The Delhi High Court slammed the culture of adjournment that has created major bottlenecks in the country’s justice delivery system. The “latitude” shown by its courts is a reason why lawyers’ attempts to let a case drag on succeed, it observed.
Justice S N Dhingra said, “It is seen that these efforts of dragging the case succeeds because of the latitude shown by the High Court in allowing such mercy pleas and in acceding to requests of granting one more opportunity. It looks as if there is an understanding between the courts and the advocates that come what may, the orders of trial courts refusing adjournments shall be set aside on mercy pleas and one more opportunity shall be granted.”
The judge added, “It is because of this attitude that in almost all the cases where the advocates intend to drag the case, either they let the case get proceeded ex parte (without representation) or they do not examine the witnesses or seek adjournment subject to a cost that they do not pay. And when the evidence is closed, they rush to the High Court and pray for one more opportunity, which they normally get with some more costs.”
Justice Dhingra expressed anguish at the frequent pleas moved by the lawyers to get more opportunities to examine witnesses after the lower courts declined them more chances. The observation was made as he dismissed a similar application moved by a woman who was refused another opportunity to examine a witness by a guardianship judge in March and July last year.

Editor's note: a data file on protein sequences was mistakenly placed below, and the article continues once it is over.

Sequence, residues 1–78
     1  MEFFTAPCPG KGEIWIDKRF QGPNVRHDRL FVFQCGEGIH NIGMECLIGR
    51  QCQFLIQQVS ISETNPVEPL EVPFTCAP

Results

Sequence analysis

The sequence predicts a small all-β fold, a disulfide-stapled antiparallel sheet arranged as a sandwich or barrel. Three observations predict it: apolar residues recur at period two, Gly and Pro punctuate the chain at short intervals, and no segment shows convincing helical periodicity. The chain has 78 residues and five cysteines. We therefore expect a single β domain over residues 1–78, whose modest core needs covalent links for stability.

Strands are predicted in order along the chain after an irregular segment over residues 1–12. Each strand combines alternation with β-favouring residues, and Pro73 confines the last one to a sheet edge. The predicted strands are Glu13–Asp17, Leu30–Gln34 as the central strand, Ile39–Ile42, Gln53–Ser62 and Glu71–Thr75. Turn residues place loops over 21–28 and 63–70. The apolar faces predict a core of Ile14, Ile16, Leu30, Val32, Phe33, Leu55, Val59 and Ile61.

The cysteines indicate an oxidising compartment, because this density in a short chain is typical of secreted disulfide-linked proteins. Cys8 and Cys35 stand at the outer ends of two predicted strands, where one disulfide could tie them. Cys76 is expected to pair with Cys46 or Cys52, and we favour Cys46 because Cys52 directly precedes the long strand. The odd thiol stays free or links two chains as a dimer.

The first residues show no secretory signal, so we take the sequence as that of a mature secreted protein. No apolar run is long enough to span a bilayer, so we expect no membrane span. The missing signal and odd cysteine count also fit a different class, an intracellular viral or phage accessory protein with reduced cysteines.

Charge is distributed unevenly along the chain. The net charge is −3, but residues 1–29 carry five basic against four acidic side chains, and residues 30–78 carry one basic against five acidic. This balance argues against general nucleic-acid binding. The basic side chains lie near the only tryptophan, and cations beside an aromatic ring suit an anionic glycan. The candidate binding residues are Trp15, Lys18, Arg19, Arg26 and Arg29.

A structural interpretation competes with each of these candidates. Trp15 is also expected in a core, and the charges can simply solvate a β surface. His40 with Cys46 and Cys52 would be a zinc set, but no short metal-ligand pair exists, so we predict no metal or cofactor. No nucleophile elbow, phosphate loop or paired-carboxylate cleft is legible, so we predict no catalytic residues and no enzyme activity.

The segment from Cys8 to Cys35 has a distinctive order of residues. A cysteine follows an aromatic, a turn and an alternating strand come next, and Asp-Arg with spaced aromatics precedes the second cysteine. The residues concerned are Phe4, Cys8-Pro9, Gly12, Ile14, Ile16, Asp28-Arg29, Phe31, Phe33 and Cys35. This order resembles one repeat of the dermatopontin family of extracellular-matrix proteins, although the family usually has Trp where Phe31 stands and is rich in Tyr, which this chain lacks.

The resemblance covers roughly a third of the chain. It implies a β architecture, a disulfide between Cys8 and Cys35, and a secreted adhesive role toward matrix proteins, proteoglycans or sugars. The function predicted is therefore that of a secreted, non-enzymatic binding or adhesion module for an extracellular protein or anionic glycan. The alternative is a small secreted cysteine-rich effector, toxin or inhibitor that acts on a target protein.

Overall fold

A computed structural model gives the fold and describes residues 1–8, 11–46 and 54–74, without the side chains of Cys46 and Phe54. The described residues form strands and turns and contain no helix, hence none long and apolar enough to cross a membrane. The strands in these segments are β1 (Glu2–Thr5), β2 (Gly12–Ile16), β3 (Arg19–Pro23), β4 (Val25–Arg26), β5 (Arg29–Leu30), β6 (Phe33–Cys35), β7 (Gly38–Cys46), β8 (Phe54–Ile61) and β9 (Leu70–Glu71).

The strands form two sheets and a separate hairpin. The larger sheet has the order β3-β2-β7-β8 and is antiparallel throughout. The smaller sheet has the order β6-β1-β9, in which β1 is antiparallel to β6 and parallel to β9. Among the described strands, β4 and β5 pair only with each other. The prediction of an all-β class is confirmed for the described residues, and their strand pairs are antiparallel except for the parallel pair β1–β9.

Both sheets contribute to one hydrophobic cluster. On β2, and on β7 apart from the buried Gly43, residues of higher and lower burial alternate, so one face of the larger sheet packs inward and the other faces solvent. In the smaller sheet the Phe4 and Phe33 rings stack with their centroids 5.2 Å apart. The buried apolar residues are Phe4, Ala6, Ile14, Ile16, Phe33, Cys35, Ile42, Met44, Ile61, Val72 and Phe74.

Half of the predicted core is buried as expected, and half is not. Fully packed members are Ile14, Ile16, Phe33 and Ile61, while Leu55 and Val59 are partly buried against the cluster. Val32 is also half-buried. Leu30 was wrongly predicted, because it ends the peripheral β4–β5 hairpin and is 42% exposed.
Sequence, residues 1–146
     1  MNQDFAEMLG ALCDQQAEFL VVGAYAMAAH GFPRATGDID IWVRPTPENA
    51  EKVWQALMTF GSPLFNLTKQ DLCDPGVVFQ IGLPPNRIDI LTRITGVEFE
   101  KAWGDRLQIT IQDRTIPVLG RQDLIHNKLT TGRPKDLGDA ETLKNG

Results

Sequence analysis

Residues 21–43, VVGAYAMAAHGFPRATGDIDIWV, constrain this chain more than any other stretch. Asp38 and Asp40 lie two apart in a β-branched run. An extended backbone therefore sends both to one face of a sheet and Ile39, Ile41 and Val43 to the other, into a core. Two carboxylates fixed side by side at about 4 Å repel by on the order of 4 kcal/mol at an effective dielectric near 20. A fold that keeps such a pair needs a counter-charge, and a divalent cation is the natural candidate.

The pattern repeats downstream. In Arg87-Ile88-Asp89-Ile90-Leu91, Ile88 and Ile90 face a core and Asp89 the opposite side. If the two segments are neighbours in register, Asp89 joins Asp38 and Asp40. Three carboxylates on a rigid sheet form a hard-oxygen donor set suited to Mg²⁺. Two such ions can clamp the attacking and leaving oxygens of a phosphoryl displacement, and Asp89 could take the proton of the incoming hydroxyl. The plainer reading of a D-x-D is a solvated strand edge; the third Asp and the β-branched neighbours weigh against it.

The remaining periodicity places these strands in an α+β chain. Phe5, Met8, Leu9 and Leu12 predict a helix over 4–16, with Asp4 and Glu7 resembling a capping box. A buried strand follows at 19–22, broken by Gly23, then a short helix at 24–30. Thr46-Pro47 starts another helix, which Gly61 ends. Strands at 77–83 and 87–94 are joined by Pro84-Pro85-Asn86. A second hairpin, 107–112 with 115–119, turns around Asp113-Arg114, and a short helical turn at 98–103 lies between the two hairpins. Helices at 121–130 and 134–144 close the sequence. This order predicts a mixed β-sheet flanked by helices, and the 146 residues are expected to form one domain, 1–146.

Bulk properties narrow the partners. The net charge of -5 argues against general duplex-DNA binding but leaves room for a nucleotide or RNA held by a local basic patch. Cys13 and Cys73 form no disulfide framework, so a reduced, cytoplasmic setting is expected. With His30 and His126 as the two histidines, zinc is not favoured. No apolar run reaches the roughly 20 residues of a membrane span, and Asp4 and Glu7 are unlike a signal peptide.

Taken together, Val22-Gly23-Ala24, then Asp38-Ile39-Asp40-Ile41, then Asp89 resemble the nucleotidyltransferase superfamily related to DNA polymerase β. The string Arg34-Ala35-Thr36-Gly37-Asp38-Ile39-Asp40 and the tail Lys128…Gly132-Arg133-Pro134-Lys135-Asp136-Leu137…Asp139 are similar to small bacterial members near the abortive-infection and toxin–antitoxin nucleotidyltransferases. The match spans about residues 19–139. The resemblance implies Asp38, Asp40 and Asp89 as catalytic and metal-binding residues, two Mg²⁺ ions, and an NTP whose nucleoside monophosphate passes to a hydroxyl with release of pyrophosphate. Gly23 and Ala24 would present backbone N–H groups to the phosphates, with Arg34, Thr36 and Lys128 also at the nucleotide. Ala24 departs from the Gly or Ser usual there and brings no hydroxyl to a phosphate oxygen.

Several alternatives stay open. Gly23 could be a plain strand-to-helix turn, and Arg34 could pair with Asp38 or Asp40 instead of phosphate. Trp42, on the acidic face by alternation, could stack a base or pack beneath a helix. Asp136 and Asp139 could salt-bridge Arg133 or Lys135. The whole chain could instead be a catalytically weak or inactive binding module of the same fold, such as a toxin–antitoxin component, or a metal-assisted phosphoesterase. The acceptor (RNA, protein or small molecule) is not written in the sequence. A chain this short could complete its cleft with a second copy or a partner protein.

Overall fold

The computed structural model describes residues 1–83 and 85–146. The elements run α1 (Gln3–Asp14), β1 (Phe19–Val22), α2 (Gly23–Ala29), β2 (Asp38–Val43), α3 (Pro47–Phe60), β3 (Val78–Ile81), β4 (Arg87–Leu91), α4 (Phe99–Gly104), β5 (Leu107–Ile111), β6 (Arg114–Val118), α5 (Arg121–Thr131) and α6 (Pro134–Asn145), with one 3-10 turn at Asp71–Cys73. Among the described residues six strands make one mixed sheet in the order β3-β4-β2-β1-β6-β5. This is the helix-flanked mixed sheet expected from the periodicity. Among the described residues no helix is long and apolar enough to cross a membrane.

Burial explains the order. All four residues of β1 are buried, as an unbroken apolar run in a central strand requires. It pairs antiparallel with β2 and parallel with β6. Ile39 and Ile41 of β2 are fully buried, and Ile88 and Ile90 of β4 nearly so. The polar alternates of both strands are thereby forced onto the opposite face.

“The entire unwritten procedure, which is followed on the basis of previous precedents, has created bottlenecks in the entire judicial system and a lot of the court’s efforts and time is wasted. Efficiency comes down,” the court noted.
It also slammed the lawyers for seeking adjournments on frivolous grounds. “A separate breed of advocates has cropped up: ‘adjournment experts’ and ‘case dragging experts’. Such advocates are deliberately engaged who put forward all kinds of excuses to see that the case is adjourned. “
Looking to improve the conditions prevailing in the courts, Justice Dhingra further appealed the litigants to be “vigilant” and not leave everything on their advocates. “I consider this culture has to be brought to an end and no petition setting aside orders of the trial court, wherein cross-examination is closed or other steps are taken by them to enforce the procedures laid down by the statutes concerned, should be allowed on the ground that the petitioner should not suffer for the negligence of the counsel.”
The court suggested a litigant should engage another counsel if he/she found his counsel was not diligently handling the case and should also claim damages from such lawyers.